Most of the Santo films hold the same narrative form as those fabulous Godzilla movies. Present a problem, send in Santo/Godzilla, overcome some obstacles, and solve the problem. Nice and easy, grateful matinee entertainment for the whole family. But it is fair to say that the movies are perhaps not the primary thing of concern in this strange niche. What I find the most fascinating is that real life Lucha Libre star Rodolfo Guzmán Huerta portrayed the masked hero “THE SAINT” in fifty-four Mexican Wrestlemania movies. He took on Evil Brains, Zombies, Vampire women, Martian invasions, Dracula, Frankenstein, Mummies, Aztec Women, Karate Killer, Death, Wolf Women, and even the Bermuda Triangle.

Back in the thirties, at the start of his Lucha Libre career after, Huerta wrestled as one of the bad guys before making the choice to wrestle on the good side. Having stepped over to the good side, this is where he stayed for the next fifty years. During the early forties, Huerta was offered a part in the silver masked wrestling team, and offered the part of The Devil, The Angel or The Saint, Huerta made the choice to be The Saint, El Santo.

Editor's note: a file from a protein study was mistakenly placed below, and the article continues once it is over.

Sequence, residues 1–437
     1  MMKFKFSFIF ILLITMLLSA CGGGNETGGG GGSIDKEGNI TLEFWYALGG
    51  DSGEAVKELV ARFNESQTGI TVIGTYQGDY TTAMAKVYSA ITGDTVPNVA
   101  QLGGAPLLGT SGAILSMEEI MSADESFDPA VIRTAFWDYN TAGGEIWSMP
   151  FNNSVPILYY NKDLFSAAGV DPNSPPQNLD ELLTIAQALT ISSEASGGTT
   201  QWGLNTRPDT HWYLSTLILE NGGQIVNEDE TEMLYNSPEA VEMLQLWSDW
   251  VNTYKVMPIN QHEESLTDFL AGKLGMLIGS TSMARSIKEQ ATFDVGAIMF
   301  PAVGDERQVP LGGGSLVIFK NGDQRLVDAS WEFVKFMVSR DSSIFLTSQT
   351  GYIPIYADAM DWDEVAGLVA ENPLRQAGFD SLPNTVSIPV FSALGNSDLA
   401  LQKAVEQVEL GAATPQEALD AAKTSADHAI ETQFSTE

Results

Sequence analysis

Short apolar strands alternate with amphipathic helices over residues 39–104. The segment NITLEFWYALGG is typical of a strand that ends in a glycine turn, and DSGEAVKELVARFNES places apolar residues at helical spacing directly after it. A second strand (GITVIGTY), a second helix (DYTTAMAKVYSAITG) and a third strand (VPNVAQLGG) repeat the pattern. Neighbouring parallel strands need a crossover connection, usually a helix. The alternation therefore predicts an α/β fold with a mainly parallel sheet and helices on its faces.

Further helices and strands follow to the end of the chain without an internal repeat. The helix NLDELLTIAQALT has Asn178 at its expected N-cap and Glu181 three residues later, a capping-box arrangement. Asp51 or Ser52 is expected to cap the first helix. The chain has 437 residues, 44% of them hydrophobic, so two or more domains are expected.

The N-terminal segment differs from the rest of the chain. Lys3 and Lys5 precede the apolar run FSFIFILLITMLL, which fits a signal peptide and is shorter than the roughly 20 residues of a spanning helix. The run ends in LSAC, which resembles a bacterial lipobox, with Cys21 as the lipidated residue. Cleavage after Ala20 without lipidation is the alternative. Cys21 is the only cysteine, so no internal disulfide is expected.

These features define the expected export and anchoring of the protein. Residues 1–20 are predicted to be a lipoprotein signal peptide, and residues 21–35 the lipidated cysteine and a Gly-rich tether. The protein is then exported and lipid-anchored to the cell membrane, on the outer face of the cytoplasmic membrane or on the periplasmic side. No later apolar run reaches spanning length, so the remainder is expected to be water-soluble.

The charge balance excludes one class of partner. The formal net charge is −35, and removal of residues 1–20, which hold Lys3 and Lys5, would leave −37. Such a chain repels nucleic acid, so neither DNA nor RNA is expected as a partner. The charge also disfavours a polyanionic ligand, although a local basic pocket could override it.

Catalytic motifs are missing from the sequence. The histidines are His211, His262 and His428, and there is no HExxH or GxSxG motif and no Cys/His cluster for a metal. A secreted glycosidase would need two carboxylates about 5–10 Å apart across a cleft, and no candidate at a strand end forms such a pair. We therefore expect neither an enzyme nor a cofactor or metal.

1952 was a big year in Santo’s now legendary life. The magnificent wrestling trio spawned it’s own comic book, the first Lucha Libre movie to star El Santo was announced (although Santo turned down the opportunity to appear in the movie because of his fear that the movie would bomb) and he had his first bout against another superstar of the ring, Blue Demon. Going up against the Los Hermandos Shadow tag team consisting of Black Shadow and Blue Demon proved a terrible mistake as after El Santo beat and unmasked Black Shadow, Blue Demon in a rage of fury wrestled El Santo to the ground defeating the long reining champion. This defeat ignited a rivalry that never ended, and until the end of his career El Santo remembered his humiliating defeat by Blue Demon. Outside the ring, in the wonderful world of cinema, it’s quite obvious that the two characters put their indifferences and feud to one side as movie makers couldn’t resist the prosperity of bringing the two most popular Lucha Libre stars together in their action packed narratives. Just like his fellow wrestler, Blue Demon, or Alejandro Muñoz Moreno as he was called underneath the mask also took the step into movies, but nowhere near as many as El Santo.